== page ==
Another time, you’ve been invited to attend a Dutch birthday party and while eating a slice of cake, the host grandmother waves her hand furiously in a back-and-forth motion beside her head and presses her lips together with sheer pleasure. Is she feeling faint? Should you wave back?
How do the Dutch communicate with their bodies and say volumes with a set of distinct non-verbal cues? Enschede native and student Charlotte de Poel poses for the camera to reveal some of the interesting, attention-grabbing ways the Dutch use their whole body to express strong emotions, letting the unsuspecting foreigner in on a secret language that most Dutch already know.
(Photos: Robbin Engels)
By pulling the lower eyelid with the index finger down, you can be saying, ‘You are smart,’ or ‘You’re tricky.’ For instance, if you get too much money back from a cashier and keep it, then you could turn to your friend and make this gesture, silently revealing the miscalculation. The eyelid gesture used while pulling a sly grin can also indicate that someone is not to be trusted. A person can be giving you a non-verbal warning to ‘Watch out!’
As a newborn baby does, the thumb is sucked and four fingers are closed tightly on the palm of the hand to tell someone they have just told a lie or made up a ridiculous tall tale. It can also mean a story was told within earshot which is so filled with fantasy that it can’t possibly be true.
Mostly used in driving situations, road rage and aggressive driving behavior is punished by a silent gesture of tapping hard with the pointer finger on the forehead between the eyebrows. Without mercy, an automobilist is wanting to shout to the whole world, ‘You are crazy!’ or ‘You idiot!’ The expansion of this gesture can include a third person who is nearby. The finger is first pointed at the ‘crazy person’ and then vigorously taps on the forehead.
|‘Achter de ellebogen’|
The body language ‘behind the elbow’ means someone is sneaky and acts in a suspicious way with behavior outside of the law. By placing one hand behind the lifted elbow of the other arm and sharing a look of disapproval with someone else, you are denoting the lack of dependability of another person. You are really saying, ‘You can’t rely on this person’ and they will do something ‘behind your back’ to hurt you.
When you smell a foul odor or see something repulsive, you can raise your hand to your nose, pinch it together with your thumb and pointer finger, and wrinkle your face muscles with your eyes tightened. This gesture says, ‘That’s grouse!’ or ‘How disgusting!’ Some Dutch people will utter, ‘Bah!’ or ‘Pffluh!’ which means more or less the same thing.
Some say the Dutch are known to have ‘short pockets and long arms’, implying they are masters at cutting costs, living on a tight budget or being cheap when it comes to paying. It’s no wonder they have a non-verbal expression for it. In the open market, you can observe the vendors rubbing their thumb and index fingers as if they were counting money with a slight tilt of their head, eyebrows raised, asking you to hurry up and pay. It can also indicate to the waiter that you want to get your restaurant bill.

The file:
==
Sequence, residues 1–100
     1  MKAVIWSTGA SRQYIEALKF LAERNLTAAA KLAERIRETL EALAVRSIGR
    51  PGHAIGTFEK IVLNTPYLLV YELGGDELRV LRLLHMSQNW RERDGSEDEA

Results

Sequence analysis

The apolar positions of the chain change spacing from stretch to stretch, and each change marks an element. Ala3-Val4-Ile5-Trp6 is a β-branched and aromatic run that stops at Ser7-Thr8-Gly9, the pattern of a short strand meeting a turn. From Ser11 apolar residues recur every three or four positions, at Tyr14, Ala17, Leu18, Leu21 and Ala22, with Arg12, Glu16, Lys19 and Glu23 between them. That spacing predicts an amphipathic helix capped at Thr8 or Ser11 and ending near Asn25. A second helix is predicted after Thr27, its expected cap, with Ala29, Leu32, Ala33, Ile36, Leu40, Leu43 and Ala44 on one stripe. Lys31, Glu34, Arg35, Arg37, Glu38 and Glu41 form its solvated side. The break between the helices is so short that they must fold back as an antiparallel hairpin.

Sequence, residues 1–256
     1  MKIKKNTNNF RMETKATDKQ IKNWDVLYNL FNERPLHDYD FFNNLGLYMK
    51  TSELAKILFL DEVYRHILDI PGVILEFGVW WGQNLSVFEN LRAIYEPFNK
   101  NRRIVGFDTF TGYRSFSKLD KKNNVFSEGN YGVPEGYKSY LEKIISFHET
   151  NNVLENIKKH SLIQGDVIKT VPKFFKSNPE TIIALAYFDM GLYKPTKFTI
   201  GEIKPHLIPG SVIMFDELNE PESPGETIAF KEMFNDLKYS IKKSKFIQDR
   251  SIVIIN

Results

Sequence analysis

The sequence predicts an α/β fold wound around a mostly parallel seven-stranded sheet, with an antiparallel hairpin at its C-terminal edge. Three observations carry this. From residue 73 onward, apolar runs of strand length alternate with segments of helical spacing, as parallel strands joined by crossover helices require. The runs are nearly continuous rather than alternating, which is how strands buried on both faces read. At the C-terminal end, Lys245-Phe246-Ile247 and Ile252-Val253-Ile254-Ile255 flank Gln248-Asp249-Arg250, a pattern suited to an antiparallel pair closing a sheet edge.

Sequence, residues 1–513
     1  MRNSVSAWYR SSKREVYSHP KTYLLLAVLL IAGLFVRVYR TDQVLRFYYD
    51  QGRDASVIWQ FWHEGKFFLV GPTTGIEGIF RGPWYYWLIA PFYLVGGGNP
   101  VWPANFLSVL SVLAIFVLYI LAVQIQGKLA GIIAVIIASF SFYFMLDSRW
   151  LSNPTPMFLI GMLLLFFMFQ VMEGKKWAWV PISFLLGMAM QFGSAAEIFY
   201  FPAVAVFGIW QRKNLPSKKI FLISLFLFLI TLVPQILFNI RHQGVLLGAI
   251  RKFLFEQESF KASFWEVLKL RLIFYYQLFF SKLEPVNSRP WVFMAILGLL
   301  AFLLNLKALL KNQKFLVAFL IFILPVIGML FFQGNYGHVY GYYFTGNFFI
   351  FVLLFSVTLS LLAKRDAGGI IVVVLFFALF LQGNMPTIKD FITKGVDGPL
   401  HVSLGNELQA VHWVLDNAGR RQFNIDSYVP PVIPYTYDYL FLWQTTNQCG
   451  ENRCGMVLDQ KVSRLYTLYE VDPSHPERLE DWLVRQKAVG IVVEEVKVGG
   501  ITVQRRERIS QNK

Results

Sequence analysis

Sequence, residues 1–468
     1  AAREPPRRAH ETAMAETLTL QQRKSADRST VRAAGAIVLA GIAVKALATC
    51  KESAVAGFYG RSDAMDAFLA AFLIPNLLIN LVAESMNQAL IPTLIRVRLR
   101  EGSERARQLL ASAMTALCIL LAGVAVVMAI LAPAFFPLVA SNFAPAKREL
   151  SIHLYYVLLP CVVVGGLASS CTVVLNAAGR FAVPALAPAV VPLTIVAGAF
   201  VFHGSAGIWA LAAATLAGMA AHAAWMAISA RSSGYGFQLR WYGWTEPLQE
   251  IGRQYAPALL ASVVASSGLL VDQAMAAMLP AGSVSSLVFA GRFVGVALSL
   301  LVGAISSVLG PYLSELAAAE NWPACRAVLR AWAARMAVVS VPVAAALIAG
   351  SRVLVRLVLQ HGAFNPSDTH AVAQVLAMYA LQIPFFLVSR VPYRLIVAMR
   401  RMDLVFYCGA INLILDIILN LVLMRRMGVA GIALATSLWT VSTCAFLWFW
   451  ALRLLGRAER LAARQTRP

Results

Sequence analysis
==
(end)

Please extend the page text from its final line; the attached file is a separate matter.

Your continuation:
This can be considered a universal non-verbal cue used in other countries, mainly used also by children and a few immature adults. One or two hands are spread in a fan before the face with the thumb touching the nose. It can mean ‘Na, na, I got here before you. Ha, ha!’ or simply ‘I got you!’ Sometimes the tongue is pushed out to exaggerate the feeling of gently teasing someone.
Literally these two words mean ‘Little head, Little head’, but figuratively the words indicate high intelligence. The Dutch preference for using their index finger is demonstrated once again. With wise eyes looking straight on, a person rubs the area on the temples in a rotating movement or taps lightly in the same place. It could be translated to say, ‘Isn’t that smart!’ or ‘Isn’t he/she intelligent!’
|‘Heerlijk! Mmm, wat lekker!’|
A person waves their hand beside their head in an old-fashioned Dutch body expression that shows everyone in the room that the food tastes scrumptious. This usually happens after the gesturer swallows their first bite of food. The guest is saying with their eyes, mouth and hands to the cook and guests, ‘Delicious! Mmmh, tasty!’ Though considered the ultimate compliment to chefs in the Netherlands, be careful when eating in a Greek restaurant, where it means the exact opposite, implying without words that the food tastes awful.
Not obvious to your average foreigner, this sexual advancement mimics with one hand the act itself. Listed in the official Dutch dictionary as a regular verb, ‘neuken’ is a street-slang word that expresses one’s strong desire to have sex with someone else. The initiator casually pushes their thumb between their index and middle fingers with the other two fingers closed in a fist and looks at the target of their passions with a seductive, almost animal-like grin, making it clear what’s on their minds. So think twice before nodding your head in agreement.